Building cabin pressure for take off

MATH: 

Wow, is all I can say about the amount and level of math that people working in aviation have to have. The formulas are mind boggling! Here are a few examples:
Ex 1: Clairaut's formula:
This relates the latitude (lat) and true course (tc) along any great circle, namely: sin(tc)*cos(lat)=constant. That is, for any two points on the GC:
           sin(tc1)*cos(lat1)=sin(tc2)*cos(lat2)
Since at the highest latitude (latmx) reached the tc must be 90/270, we also have:
latmx=acos(abs(sin(tc)*cos(lat))) 
where lat and tc are the latitude and true course at *any* point on the great circle.

 Ex 2: Unit conversions, etc.
 
 1 knot = 1.852000 km/hr*
 1 knot = 185200/109728 ft/sec* =1.687810 ft/sec
 1 knot = 1852000/1609344 mph* = 1.150779 mph
 1 mph  = 0.868976 knot
 1 mph  = 1.609344 km/hr*
 1 mph  = 1.466667 ft/sec
 1 km/hr= 0.539968 knot
 1 km/hr= 0.911344 ft/sec
 1 km/hr= 0.621371 mph
* = exact conversion factor
 
Ex 3: 
Natural questions are to seek the great circle distance between two specified points and true course at points along the route. The required spherical trigonometric formulae are greatly simplified if angles and distances are measured in the appropriate natural units, which are both radians! A radian, by definition, is the angle subtended by a circular arc of unit length and unit radius. Since the length of a complete circular arc of unit radius is 2*pi, the conversion is 360 degrees equals 2*pi radians, or:
angle_radians=(pi/180)*angle_degrees angle_degrees=(180/pi)*angle_radians Great circle distance can be likewise be expressed in radians by defining the distance to be the angle subtended by the arc at the center of the earth. Since by definition, one nautical mile subtends one minute (=1/60 degree) of arc, we have:
distance_radians=(pi/(180*60))*distance_nm distance_nm=((180*60)/pi)*distance_radians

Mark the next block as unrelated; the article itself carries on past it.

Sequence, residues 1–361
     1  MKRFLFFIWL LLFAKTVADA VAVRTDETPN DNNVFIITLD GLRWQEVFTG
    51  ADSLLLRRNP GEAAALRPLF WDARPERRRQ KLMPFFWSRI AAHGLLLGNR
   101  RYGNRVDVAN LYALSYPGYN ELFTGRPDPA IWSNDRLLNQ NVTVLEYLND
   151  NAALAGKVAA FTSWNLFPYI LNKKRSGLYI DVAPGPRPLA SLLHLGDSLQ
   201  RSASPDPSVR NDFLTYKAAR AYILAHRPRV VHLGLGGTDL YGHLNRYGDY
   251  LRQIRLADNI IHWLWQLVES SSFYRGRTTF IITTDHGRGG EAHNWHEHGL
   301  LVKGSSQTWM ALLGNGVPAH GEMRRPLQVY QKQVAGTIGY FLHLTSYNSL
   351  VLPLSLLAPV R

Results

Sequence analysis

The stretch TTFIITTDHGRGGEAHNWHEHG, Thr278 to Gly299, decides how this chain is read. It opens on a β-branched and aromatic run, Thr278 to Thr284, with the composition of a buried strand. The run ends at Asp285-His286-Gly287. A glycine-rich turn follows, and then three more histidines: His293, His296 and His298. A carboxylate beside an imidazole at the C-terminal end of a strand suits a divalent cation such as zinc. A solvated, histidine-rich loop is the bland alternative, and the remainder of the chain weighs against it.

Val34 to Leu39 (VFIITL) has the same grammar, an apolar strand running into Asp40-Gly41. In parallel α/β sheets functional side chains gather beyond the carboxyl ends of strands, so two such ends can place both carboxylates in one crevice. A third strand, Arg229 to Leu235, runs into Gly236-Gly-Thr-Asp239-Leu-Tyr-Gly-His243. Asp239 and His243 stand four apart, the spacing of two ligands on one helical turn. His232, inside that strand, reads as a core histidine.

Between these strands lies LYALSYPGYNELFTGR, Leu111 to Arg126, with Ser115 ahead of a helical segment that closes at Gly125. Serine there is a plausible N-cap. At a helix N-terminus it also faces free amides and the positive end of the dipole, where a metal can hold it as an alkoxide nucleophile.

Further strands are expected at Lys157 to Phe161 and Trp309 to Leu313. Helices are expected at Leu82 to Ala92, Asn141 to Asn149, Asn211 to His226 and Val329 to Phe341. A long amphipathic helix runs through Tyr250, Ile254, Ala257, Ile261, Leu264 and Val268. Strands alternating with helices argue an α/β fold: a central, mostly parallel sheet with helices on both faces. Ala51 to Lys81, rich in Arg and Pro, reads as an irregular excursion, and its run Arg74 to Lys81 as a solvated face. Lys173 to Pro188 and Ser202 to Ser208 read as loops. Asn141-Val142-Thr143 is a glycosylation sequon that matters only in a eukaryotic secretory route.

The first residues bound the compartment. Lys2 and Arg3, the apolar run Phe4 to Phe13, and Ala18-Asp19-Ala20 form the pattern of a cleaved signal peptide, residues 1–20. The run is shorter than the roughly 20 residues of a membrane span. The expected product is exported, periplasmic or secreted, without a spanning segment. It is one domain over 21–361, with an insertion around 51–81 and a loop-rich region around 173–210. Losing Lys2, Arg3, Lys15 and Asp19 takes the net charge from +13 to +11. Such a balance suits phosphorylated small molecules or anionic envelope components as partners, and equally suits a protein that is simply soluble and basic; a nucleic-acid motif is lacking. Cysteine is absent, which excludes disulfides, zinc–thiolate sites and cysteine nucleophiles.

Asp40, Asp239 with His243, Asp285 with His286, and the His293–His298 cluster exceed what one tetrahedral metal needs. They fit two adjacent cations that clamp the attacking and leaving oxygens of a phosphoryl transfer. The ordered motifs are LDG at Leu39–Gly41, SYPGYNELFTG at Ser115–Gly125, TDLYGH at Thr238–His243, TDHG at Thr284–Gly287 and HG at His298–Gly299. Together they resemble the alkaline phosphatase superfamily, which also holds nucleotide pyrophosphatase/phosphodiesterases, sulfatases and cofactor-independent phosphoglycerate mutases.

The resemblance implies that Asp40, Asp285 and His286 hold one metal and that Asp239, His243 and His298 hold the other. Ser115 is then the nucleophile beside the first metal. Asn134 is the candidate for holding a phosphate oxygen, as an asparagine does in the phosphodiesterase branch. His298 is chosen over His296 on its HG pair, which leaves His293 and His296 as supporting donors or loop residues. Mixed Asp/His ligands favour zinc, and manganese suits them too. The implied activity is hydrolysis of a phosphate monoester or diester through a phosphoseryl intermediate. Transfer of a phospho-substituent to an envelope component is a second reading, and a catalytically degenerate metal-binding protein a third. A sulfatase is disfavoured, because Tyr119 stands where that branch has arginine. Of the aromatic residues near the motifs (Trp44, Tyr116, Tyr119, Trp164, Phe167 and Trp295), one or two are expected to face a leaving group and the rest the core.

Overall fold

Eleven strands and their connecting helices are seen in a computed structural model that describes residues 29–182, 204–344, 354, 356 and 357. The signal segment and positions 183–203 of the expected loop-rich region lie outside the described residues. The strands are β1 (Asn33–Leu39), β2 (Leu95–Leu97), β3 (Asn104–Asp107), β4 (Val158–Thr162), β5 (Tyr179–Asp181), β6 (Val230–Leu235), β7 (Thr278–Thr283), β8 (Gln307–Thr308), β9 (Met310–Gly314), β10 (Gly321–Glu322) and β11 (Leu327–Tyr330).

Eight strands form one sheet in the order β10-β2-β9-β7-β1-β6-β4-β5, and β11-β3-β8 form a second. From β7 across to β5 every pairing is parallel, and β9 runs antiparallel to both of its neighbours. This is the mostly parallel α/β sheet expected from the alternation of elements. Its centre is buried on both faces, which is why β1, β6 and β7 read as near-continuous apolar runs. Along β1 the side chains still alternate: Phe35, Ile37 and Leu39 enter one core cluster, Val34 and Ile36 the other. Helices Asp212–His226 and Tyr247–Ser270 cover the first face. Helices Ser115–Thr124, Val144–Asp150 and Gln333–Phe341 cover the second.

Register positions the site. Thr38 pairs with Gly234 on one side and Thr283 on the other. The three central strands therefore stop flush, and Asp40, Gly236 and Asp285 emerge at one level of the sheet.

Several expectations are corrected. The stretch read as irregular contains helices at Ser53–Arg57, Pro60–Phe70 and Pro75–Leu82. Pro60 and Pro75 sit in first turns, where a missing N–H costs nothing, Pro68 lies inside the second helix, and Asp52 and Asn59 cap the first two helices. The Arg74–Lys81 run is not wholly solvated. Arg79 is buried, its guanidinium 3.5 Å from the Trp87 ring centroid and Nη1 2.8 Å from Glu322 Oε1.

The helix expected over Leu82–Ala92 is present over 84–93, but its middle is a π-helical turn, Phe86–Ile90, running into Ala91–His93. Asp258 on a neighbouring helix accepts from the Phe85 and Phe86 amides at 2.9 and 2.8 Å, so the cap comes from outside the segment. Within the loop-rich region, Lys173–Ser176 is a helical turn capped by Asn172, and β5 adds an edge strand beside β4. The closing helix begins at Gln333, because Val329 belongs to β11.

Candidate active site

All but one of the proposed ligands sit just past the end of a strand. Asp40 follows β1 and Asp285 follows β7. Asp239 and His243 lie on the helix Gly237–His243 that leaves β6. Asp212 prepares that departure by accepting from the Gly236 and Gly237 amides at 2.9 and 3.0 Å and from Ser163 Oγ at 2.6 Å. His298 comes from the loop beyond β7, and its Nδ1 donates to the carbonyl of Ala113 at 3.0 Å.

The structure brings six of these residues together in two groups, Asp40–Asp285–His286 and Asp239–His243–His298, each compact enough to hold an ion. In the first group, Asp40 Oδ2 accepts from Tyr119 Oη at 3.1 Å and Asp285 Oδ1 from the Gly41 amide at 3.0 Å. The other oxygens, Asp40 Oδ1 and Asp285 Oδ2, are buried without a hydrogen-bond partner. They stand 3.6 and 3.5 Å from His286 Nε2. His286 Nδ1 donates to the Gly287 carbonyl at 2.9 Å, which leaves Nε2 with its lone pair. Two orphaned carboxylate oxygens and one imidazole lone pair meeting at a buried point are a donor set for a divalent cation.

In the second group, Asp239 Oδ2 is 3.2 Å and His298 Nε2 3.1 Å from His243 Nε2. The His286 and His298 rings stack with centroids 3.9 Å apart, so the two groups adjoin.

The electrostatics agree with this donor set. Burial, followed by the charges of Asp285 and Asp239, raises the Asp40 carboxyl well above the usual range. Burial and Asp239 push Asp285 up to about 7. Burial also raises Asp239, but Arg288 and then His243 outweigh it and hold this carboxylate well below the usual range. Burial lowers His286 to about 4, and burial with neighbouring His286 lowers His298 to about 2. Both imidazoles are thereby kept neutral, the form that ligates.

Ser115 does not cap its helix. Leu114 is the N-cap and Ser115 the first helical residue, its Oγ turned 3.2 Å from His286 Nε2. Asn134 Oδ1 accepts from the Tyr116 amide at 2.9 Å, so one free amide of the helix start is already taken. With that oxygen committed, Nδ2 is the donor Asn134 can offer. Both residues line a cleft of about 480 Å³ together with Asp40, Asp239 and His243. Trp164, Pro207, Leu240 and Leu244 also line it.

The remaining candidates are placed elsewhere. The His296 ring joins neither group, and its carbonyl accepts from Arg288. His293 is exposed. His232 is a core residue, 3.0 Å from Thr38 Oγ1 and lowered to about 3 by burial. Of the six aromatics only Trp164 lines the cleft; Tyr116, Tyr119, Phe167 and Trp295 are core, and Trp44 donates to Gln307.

Now  I hope you see what I am talking about....WAY beyond what I could explain to my 6th and Pre-k kids :) , although they did expect me to just know.

 
Reading about airline safety

Making sure they understand their job at the exit sign!
First in air drink of her life, Apple Juice!

OTHER COOL WEB SOURCES:
Anonymous. How Do Planes Fly?. 1995-1999. NASA Observatories.
June 21, 2001. <http://observe.ivv.nasa.gov/nasa/exhibits/planes/planes_1c.html>

Anonymous. Milnet: The Early History of Stealth.
June 16, 2001. <http://www.milnet.com/milnet/shistory.htm>

Anonymous. V1-Stealth Aircraft: Eagles Among Sparrows?
June 15 2001. <http://www.fas.org/spp/aircraft/part06.htm#N_66_>

Bannerman, Quiana. History of Airplanes. 1998.
June 23, 2001. <http://brill.acomp.usf.edu/~qbannerm/history.html>

Britt, Robert R. How Planes Fly. 1999-2000. Explorezone.
June 17, 2001. <http://explorezone.com/101/flight.htm>

chungt@mailcity.com. The Stealth Bomber.
July 5, 2001. <http://www.bangalorenet.com/system1/chungw/stealth.html>
Crean, John. Wright Brothers History. 1996-1999. Mt. Carmel High School Instrumental Music Dept.
June 25, 2001. <http://www.mchsband.com/home/john/wright/>

Klemens, Susan M. Mission Invisible. 1998. Discovery Communications, Inc.
July 2, 2001. <http://www.discovery.com/area/technology/b2/b2.html>

Schultz, Alex. Alex’s Paper Airplanes. 2000. Freebieclub.com.
June 17, 2001. <http://www.paperairplanes.co.uk>
Drizzles first Dr. Pepper in the clouds! See how proud he is!

The kids insisted I show my in-flight photo as well :)